The world's second most famous music pirate, Joel Tenenbaum, has faced a minor setback this week after the appellate court rejected Judge Nancy Gertner's earlier ruling which reduced the amount of damages Tenenbaum owes to $67,500. But it's not all bad news for the Boston University student.
The RIAA has appealed Judge Gertner's assertions that the original jury awarded damages amount of $675,000 was "unconstitutional". And while it appears the RIAA were successful, the ruling of the First Circuit Court of Appeals suggests that the appeal success was more of a technical victory, than a legal one.
The appeals court felt that Judge Gertner should not have brought up the Constitutional question before using the more appropriate remittitur order. Remittitur would still allow the judge to lower the damages amount, give the RIAA the option to accept the amount, or reject it and seek a new trial, at which time, it would have then been more appropriate to bring up the constitutional issues.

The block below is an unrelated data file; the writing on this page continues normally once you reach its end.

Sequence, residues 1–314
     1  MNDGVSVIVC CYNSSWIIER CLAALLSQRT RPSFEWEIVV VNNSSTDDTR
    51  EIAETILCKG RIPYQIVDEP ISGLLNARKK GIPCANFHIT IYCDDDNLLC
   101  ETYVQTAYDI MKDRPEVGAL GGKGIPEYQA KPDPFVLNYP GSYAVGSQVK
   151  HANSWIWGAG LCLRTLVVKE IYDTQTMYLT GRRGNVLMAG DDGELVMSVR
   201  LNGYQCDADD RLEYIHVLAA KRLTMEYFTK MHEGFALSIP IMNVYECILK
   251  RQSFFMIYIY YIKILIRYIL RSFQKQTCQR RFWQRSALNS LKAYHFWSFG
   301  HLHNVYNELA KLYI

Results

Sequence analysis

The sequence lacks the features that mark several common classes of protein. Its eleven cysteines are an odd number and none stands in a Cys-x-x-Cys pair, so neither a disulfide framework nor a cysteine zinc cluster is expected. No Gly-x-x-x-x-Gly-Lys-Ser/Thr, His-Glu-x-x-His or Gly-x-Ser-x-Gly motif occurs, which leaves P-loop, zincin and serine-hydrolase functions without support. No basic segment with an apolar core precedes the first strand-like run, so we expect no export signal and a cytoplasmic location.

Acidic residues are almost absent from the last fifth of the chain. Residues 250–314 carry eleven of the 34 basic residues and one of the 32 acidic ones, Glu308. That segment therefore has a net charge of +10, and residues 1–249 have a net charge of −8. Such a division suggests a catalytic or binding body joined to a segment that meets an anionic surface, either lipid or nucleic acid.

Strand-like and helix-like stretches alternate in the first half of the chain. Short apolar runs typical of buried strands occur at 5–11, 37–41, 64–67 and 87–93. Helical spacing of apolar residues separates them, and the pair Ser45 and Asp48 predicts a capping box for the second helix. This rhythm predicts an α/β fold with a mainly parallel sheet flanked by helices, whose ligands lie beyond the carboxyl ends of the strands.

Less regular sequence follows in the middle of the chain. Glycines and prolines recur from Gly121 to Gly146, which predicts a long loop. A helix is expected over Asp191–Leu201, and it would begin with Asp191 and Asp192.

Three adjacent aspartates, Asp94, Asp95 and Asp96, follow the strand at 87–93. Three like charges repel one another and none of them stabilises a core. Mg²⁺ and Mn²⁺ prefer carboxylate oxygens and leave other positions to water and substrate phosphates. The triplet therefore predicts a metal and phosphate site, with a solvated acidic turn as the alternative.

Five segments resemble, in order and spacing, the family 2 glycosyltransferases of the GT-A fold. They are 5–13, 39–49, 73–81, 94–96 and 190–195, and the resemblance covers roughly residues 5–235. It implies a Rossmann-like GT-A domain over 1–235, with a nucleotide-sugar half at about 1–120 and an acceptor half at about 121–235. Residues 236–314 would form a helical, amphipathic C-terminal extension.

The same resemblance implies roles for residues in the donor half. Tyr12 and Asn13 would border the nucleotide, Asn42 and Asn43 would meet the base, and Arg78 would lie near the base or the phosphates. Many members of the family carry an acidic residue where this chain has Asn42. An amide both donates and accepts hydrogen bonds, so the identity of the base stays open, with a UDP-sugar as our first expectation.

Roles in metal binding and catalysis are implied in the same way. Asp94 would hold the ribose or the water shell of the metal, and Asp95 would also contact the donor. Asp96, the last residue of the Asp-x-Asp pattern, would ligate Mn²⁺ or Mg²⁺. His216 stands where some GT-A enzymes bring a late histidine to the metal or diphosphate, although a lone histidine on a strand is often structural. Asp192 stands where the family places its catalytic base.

What this means now though is that both parties will have to go back to court and let everything play out, just like Thomas-Rasset case, in which remittitur was also used, rejected, and the constitutional issue was brought up (which has since been appealed again by the RIAA).
But once this case gets to the stage where the constitutional issues are in play, it does look good that any RIAA appeal would at time be rejected based on statements the appeals court have made in relation to this current appeal. The appeals court stated they also felt that the penalties being handed out was harsh. "We comment that this case raises concerns about application of the Copyright Act which Congress may wish to examine," wrote the judges in their summary.